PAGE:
What You Should Know About Being a Published Author
Manage Your Expectations
What can a newly published author expect from publishing his or her book?
There are real, tangible thrills in being a published author: Your name on a book jacket. The privilege of having your words available to an audience of readers. The knowledge that you are stick-with-it-enough to have finished and published a book.
But those who are publishing a book for the first time, or those who aspire to, might have unrealistic expectations of the author or publishing experience.
Your Book Will Make Enough Money to Enable You to Quit Your Job
True, some authors do make a living at the business of writing books. But how much do most authors make? The vast majority of book writers rely heavily on other sources of income. And even many best-selling authors couldn't quit their day jobs right out of the gate.
Most authors write books because they have an obsessive passion for their subject or an obsessive need to tell their story -- and they manage to do so in spite of the fact they have a day job, at least at when starting out and sometimes a good deal longer.
Tom Clancy sold insurance while writing his first military/espionage novels. John Grisham was an attorney (did you guess that?) who carved out a time to write his first legal thriller, A Time To Kill, in the early hours of the morning before he needed to appear in court. When it sold only modestly, he did the same while writing The Firm.
Mystery writer P. D. James wrote quite a number of books while supporting her two children and caring for her mentally ill husband by working as a civil servant. After several years and several novels, award-winning science fiction writer David Louis Edelman blogged about performing a "juggling act" between his writing and his contract web development work.
Your Finished Book Will Contain Exactly What You'd Originally Envisioned
This likely won't happen unless you self-publish your book and have budget enough to create the exact book package and jacket designs you want (and, even then, some ebook publishing services have restrictions on content).
Once you sign a contract with a traditional book publisher, you're essentially in partnership to create "the book," and you both have a say in the end product. From trimming the fat of your language (akin to "killing your babies") to altering the logical flow of the chapters, your book editor will have much to say about how your text will look in print. While your editor is there to make the book (and you!) sound better--and a thoughtful, skilled editor absolutely will do that--you two may not always agree on what's best for the finished book. If you're going to publish, it's good to be prepared for some "creative differences."
For detailed information about the editorial process, read about what happens to your manuscript after you submit it to an editor and about a book publisher's editorial department.
All you have to do is write the book and hand in the manuscript -- a traditional publisher does the rest of the work.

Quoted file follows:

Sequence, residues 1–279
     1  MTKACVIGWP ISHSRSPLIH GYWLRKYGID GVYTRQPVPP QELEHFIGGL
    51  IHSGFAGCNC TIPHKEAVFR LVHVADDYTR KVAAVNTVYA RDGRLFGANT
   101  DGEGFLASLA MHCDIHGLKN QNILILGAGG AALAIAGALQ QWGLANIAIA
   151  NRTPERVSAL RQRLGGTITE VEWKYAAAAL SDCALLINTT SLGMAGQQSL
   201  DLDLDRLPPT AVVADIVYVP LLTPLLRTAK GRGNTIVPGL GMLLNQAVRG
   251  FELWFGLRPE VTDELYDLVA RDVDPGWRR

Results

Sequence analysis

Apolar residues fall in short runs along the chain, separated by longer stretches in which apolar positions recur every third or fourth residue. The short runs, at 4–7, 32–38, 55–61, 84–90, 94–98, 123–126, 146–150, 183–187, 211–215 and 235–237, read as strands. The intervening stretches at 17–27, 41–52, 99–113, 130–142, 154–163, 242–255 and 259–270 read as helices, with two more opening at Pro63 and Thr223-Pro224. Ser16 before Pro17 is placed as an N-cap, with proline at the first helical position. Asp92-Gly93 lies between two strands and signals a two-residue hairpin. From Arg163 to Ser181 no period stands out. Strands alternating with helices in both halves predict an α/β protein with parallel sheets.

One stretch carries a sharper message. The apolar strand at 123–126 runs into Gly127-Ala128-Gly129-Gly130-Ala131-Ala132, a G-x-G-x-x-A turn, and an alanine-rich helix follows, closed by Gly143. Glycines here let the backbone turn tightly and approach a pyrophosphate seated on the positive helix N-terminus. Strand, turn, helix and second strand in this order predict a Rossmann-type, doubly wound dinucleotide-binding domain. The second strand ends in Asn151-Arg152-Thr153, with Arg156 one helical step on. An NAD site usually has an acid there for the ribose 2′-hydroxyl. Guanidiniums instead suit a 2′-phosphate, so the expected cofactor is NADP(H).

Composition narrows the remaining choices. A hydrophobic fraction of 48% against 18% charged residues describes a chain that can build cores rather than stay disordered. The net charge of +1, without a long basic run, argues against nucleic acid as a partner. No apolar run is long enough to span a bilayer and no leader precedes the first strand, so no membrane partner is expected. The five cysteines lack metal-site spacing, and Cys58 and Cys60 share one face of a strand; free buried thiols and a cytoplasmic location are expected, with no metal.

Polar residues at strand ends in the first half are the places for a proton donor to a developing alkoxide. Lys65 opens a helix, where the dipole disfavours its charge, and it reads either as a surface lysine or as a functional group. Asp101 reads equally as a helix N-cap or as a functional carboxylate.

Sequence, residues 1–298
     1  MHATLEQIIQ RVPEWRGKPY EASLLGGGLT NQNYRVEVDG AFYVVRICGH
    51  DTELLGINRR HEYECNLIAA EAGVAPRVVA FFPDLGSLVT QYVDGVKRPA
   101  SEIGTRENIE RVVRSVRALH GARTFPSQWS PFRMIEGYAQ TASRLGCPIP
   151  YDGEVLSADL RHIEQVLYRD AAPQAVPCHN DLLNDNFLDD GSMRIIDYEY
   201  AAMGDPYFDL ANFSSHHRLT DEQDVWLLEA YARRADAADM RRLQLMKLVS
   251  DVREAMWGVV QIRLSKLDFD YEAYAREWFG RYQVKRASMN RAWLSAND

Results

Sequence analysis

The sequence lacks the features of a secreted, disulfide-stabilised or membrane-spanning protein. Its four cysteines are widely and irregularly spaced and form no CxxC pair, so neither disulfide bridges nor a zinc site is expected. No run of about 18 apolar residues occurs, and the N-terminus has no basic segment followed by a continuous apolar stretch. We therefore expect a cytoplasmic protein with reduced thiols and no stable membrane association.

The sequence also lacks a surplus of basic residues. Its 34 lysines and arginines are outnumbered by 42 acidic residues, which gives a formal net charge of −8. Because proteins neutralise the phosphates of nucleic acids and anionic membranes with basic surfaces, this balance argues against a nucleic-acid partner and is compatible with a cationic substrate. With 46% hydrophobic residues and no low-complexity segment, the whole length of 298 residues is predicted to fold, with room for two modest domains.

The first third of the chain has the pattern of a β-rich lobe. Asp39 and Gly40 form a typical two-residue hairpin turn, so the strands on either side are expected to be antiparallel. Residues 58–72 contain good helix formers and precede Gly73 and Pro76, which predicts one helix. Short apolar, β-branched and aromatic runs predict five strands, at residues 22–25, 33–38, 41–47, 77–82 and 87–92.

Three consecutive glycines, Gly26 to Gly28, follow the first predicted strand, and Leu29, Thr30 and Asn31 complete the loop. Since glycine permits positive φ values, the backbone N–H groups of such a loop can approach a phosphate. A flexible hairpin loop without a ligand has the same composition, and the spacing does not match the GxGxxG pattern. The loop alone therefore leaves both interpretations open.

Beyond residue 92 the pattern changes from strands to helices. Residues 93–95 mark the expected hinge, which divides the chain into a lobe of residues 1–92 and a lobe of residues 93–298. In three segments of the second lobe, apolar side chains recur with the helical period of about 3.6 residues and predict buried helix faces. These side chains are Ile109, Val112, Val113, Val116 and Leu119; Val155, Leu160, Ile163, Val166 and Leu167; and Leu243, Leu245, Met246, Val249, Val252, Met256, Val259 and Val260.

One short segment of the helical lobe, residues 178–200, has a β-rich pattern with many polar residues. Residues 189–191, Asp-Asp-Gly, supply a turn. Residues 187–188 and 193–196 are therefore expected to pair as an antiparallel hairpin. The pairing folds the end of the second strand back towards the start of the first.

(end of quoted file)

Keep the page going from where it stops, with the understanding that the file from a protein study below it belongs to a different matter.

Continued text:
If you find a publisher for your book, chances he or she likes you as much for your marketing and media platform as for your brilliant prose.
In general, publishing editorial, production, and marketing staffs are hard-working and passionate about books — but the reality of the editorial process demands a lot from authors.
And the reality of the book marketplace dictates that, in order to be successful, most writers need to work hard at promoting their own books and do as much, if not more than, the in-house book marketing and publicity staff (who, by the way, will be each be working on probably a dozen books at the same time as they are working on yours).
To get ahead of the book promotion curve, familiarize yourself with this overview of book publicity and marketing, learn how to create your own book publicity and marketing campaign, understand content marketing for authors, and be sure to take these six critical book promotion steps before your book is published.
You Get to Select Your Book Jacket
Afraid not. The jacket that appears on your book is usually the work of a book art department informed by the opinions of everyone from the editor, the publisher, the marketing and PR departments to the sales representatives and sometimes even the Barnes & Noble buyer. Pretty much everyone has his or her say about your jacket — except for you, the newbie author, at least in most cases (check your contract).
While your editor truly wants you to be happy with your book jacket, he or she really wants you to be happy with the one they pick for you.
You Will Get a Book Tour
There's a slight chance you might.
But touring authors around the country is very expensive. With so much opportunity for effective internet promotions like virtual book tours, there are fewer and fewer of the non-virtual, several-city variety book tours being offered by publishers, so don't count on getting on that plane. And, if you do get lucky enough to get a tour, certainly don't count on traveling anything but coach.
The Publisher Will Throw You a Book Party
Book parties are expensive and since they rarely generate sales, it is now almost always left up to the author or the author's generous friends to foot the bill, even for fairly high-profile authors. But you can always throw your own book party (and, if you're considering it, read about how to organize a book party and the key team you need to make your book party successful).
Of course, being an author does come with bragging rights. But you'll have a happier experience if you don't count on bragging about quitting your day job, or about your ten-city book tour. At least, not just yet!